This penalty can also be avoided by filing quarterly estimated tax payments.

Estimated Return

The deadline discussed above assumes that the taxpayer has made estimated tax payments or owes $1,000 or less after subtracting withholdings and refundable credits. For calendar year taxpayers, estimated payments are due quarterly on April 15, June 15, September 15, and January 15 unless that date falls on a weekend or holiday, when it is extended until the next business day. A farmer has the option of making an annual estimated payment on or before January 15 of the following year rather than making quarterly payments.

A farmer also has the option of not making any estimated payments if he files his final return by March 1 of the following year. If March 1 falls on a weekend or holiday, the deadline is extended until the next business day.

Note. If a farmer does not make any estimated payments and cannot file his final return by the March 1 deadline, a six-month extension will not prevent him from being assessed an estimated payment penalty.

Taxpayers are not required to file a January 15 estimate if they file their final tax return on or before January 31. However, this only avoids the penalty for the fourth-quarter payment unless you qualify as farmer by meeting the two-thirds test.

Calculation. Your estimated payment should be the smaller of:

  • 90% of the tax you expect to owe for the current year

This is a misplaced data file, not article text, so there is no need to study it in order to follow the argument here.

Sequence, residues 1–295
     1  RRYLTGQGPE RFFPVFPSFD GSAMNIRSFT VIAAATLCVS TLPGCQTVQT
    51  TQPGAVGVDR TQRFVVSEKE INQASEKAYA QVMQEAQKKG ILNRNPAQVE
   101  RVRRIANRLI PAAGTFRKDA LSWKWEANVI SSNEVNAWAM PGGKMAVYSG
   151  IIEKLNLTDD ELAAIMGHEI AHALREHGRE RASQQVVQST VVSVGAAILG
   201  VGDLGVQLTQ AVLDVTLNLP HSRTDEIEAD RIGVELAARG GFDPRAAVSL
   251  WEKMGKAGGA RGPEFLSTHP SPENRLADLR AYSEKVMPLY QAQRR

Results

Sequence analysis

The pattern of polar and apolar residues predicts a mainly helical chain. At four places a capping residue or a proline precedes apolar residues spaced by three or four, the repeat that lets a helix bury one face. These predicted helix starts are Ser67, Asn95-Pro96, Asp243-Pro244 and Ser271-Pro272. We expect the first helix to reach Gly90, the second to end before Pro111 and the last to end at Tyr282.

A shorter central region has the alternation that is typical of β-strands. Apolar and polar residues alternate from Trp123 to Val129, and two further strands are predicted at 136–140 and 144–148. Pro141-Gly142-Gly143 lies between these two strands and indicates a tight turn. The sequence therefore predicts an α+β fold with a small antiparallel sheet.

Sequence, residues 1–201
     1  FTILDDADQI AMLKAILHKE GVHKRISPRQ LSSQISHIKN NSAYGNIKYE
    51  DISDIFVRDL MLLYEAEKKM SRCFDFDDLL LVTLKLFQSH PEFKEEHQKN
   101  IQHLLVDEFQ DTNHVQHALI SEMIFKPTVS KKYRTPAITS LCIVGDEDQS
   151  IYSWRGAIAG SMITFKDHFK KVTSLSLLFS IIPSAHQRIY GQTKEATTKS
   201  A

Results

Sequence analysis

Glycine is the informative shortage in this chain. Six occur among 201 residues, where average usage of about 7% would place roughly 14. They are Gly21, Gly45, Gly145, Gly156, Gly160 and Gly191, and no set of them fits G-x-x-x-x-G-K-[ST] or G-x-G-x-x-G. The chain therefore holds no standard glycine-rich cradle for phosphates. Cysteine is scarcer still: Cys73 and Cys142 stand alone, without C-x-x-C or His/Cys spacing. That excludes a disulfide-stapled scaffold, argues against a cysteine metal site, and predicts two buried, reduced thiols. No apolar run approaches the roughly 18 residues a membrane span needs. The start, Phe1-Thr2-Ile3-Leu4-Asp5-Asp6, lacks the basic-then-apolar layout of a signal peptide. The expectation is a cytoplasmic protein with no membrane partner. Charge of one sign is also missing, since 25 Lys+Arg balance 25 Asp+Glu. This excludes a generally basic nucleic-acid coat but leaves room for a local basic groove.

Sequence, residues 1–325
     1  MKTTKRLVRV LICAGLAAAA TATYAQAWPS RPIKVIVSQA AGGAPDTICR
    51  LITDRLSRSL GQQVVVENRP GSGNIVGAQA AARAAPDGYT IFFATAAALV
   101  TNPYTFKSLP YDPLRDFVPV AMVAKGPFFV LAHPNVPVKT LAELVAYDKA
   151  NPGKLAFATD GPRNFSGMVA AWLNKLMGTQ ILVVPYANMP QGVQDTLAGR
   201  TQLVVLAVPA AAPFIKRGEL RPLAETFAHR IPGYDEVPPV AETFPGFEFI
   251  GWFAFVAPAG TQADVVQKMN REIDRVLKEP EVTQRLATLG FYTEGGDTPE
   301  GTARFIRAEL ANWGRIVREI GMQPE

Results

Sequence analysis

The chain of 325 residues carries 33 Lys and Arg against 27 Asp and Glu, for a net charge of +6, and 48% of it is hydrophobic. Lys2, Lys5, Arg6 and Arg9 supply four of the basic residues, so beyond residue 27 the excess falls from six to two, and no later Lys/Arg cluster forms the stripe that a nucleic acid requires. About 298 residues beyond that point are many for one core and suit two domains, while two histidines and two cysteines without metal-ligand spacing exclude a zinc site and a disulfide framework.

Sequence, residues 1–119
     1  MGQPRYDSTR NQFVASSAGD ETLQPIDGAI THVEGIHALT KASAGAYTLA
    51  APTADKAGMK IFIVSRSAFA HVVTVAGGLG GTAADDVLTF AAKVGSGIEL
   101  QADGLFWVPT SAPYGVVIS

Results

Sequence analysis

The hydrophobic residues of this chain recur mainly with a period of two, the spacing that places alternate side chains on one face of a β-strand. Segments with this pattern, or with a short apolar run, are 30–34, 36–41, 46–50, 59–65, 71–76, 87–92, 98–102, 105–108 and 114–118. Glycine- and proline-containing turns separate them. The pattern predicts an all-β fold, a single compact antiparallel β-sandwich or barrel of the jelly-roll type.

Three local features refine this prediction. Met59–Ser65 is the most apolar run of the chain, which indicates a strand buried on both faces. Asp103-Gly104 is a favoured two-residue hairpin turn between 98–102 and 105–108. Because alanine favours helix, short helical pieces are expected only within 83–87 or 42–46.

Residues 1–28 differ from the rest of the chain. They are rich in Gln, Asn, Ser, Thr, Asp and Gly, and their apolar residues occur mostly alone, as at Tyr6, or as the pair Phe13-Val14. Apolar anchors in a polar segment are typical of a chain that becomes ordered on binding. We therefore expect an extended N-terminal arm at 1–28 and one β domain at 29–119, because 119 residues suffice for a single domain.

• 100% of the tax owed the prior year

If you are not a farmer and your prior year adjusted gross income was more than $150,000, you will need to substitute 110% for 100%.

Cash Flow Planning

Based on the above information, it appears that a taxpayer, qualifying as a farmer, should not make any estimated payments and file his return and pay any tax due on or before March 1.3 Assuming the farmer invests the tax dollars or reduces debt with the money, he can use a time value of money table to determine his savings. For example, a farmer owing $10,000 of tax and investing at 3% would save approximately $130 by filing on March 1 rather than waiting until April 15 and making estimated payments. If he received a 4% return on his investments, he would save almost $220.

There are other factors the farmer should consider. If he has investments with a brokerage company, brokers are not required to mail out the official brokerage statements reporting dividends and stock sales until March 15. Consequently, this is beyond the March 1 filing deadline. While a taxpayer can file his return and then amend it for any changes due to the brokerage statements, the additional fees paid to the tax preparer may be more than the savings from not making estimated payments.